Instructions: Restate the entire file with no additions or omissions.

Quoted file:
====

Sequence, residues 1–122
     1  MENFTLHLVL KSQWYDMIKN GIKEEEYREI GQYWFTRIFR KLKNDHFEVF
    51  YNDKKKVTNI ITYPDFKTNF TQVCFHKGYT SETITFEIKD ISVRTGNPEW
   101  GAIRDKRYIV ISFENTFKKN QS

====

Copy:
Sequence, residues 1–122
     1  MENFTLHLVL KSQWYDMIKN GIKEEEYREI GQYWFTRIFR KLKNDHFEVF
    51  YNDKKKVTNI ITYPDFKTNF TQVCFHKGYT SETITFEIKD ISVRTGNPEW
   101  GAIRDKRYIV ISFENTFKKN QS